Finally, in Rockland County, New York – where the Chanukah celebration attack occurred last month – the Rockland County Republican Party released a video advertisement last summer criticizing an incumbent County official who is an Orthodox Jew and supports housing developments that would allow more Orthodox families to move into the area. The video accused the identifiably Orthodox county legislator as “plotting a takeover” of the community that “threatens our way of life.” The video was eventually taken down after a flood of criticism.
These are just a few of many examples and incidents in which Orthodox Jews are portrayed as some “other” – as not part of the American community.
It is important to realize that these offensive incidents targeted at Orthodox Jewry are amplified and accelerated by the broader surge in anti-Semitism we are experiencing in the United States. As the ADL has documented, there was a dramatic increase in anti-Semitic incidents in general and physical assaults upon Jews in particular last year. This too comes in the context of anti-Semitic tropes and slanders being spread by some local and national politicians.
It is in this context – Orthodox Jews being explicitly slandered and Jews generally being subjected to classical anti-Semitic accusations – that visible, recognizable Jews are being targeted for physical assaults and verbal abuse and suffering this reality in an unprecedented way in this great country.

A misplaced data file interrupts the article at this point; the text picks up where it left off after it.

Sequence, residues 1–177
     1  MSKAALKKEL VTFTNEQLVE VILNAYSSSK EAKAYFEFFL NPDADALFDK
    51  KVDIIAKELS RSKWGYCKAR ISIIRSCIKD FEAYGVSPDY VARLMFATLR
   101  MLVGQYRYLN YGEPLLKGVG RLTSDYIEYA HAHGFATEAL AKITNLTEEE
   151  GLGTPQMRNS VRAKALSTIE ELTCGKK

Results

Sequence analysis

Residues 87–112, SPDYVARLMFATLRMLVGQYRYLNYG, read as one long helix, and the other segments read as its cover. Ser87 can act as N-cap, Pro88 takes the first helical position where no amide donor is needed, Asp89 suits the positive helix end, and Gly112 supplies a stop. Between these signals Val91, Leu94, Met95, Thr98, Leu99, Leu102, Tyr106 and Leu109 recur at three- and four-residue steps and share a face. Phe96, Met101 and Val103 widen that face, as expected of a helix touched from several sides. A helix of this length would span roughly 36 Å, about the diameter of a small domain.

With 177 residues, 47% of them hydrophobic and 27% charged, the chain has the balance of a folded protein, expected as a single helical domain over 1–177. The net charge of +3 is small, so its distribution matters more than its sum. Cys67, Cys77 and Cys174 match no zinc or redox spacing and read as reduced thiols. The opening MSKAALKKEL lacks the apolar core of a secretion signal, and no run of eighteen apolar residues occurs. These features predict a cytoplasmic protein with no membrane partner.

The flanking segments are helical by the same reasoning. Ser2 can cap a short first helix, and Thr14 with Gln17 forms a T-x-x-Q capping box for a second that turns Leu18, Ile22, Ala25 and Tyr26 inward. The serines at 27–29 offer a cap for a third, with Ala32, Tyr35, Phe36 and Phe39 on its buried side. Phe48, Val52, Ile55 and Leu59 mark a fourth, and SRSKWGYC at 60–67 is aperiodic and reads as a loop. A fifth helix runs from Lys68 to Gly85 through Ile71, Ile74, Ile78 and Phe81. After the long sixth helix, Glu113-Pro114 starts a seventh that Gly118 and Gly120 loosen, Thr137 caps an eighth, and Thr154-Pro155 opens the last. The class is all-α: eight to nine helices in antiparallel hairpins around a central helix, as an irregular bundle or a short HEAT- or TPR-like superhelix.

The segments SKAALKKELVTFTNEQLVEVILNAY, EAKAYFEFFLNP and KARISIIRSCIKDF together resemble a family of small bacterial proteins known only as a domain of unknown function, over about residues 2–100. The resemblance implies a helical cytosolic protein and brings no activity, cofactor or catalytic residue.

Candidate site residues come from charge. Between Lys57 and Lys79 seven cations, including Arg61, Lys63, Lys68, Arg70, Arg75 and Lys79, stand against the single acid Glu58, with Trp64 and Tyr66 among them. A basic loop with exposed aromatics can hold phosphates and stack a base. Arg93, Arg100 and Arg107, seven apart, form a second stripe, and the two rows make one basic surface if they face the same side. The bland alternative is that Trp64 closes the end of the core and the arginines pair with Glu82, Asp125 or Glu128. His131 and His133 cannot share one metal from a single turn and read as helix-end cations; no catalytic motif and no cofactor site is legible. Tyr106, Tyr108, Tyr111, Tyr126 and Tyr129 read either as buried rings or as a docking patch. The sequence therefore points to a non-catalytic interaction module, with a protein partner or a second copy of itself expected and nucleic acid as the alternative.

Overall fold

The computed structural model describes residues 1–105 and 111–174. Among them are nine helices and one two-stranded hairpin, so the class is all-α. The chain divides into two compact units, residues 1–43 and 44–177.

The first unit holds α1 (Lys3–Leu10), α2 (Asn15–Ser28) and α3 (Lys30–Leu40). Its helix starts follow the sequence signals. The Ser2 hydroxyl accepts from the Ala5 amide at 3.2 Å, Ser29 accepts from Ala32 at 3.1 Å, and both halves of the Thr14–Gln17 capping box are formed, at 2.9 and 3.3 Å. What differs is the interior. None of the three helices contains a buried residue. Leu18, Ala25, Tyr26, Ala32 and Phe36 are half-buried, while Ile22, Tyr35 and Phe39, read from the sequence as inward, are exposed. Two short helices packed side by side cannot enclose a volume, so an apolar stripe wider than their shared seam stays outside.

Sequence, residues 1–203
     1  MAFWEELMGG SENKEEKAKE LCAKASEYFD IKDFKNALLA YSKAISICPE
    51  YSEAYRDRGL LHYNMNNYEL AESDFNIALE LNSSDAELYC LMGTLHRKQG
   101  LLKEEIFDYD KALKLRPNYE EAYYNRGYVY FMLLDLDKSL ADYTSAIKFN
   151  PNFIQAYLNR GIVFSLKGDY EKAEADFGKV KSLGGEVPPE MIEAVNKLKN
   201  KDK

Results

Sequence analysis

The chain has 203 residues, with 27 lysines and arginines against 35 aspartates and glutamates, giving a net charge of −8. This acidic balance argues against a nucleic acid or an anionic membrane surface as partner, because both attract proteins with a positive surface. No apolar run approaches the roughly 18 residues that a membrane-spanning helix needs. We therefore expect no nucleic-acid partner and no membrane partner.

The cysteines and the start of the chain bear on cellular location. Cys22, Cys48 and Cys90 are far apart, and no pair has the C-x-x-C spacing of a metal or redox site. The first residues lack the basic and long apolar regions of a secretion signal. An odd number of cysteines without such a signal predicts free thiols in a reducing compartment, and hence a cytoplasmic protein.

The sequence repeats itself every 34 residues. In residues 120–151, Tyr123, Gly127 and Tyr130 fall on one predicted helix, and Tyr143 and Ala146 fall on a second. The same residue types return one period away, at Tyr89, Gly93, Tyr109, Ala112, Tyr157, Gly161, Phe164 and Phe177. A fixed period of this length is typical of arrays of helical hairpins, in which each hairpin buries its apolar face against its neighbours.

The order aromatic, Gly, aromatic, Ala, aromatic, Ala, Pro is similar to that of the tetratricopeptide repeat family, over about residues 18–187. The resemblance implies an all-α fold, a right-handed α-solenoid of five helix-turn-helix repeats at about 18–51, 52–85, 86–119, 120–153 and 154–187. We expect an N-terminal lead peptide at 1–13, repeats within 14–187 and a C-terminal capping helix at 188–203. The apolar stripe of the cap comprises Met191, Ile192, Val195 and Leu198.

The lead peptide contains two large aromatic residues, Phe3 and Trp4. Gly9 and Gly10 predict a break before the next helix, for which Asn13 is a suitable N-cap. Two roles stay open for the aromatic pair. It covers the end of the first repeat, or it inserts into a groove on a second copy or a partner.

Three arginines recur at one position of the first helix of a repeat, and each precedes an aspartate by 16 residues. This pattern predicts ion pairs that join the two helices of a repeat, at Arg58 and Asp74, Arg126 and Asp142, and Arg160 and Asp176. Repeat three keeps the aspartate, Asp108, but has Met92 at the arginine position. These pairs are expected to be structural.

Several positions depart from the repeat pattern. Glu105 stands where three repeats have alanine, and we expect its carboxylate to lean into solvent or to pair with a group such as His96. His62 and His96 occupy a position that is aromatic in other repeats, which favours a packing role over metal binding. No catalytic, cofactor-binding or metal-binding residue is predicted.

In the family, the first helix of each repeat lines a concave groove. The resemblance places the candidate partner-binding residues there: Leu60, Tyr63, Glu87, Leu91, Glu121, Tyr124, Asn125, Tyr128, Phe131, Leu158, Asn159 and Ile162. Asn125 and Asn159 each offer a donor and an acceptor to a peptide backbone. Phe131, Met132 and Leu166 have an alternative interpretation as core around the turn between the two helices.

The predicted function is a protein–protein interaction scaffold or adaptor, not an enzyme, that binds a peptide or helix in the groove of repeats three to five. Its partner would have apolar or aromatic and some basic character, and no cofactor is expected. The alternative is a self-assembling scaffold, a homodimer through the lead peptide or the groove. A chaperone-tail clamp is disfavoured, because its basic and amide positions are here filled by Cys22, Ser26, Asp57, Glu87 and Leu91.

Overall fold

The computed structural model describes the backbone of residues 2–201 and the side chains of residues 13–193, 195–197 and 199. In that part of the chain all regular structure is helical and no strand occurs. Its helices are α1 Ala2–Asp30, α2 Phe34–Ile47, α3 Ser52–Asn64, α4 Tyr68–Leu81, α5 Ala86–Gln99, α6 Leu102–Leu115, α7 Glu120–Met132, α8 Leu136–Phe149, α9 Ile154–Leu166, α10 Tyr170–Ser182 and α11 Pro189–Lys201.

Mr. Chairman, I will conclude these opening remarks by saying that even in the face of all of this, I am not without hope.
The fact that elected leaders from President Trump to Governor Cuomo and Governor Murphy and many others have not only spoken out against this surge of anti-Semitic and anti-Orthodox Jewish attacks – but undertaken concrete actions to have our federal, state and local governments begin to respond and begin to make our communities safer gives me hope.
The fact that you – Congressman Rose and your colleagues – have convened this hearing to confront this problem and look for more effective ways we can stop it and roll it back gives me hope.
And the fact that I, an Orthodox Jew, was able to join with people of many different faiths to serve on the DHS Advisory Committee chaired by General Allen and make recommendations for how our government can protect not only America’s synagogues but also our churches and mosques and temples – this too gives me hope.
I am hopeful that we can all work together to keep the prayer of President Washington the reality for the American Orthodox Jewish community.
To effectuate George Washington’s prayer, I will join to it the prayer of Rabbi Chaim Rottenberg, whose home in Monsey, New York was invaded during Chanukah by a machete wielding anti-Semite. Rabbi Rottenberg delivered the prayer last week in Albany at the Governor’s State of the State Address.
The Rabbi prayed:
“Merciful G-d, bless us all with the courage to overcome tragedy, heal the wounds of hatred and bless us with solidarity to promote tolerance and brotherhood… among all our communities.”
Chairman Rose, Ranking Member Walker – all Americans must join in this prayer and in this effort. If America slides further into the swamp of anti-Semitism it means our beloved country is losing an essential element of its founding identity – to be a beacon of religious freedom to the world.
I thank you for holding this hearing today and I thank you, in advance, for the actions you will take in the coming days and weeks to protect my community and all communities of faith and thereby protect out nation and fulfill its promise for us all.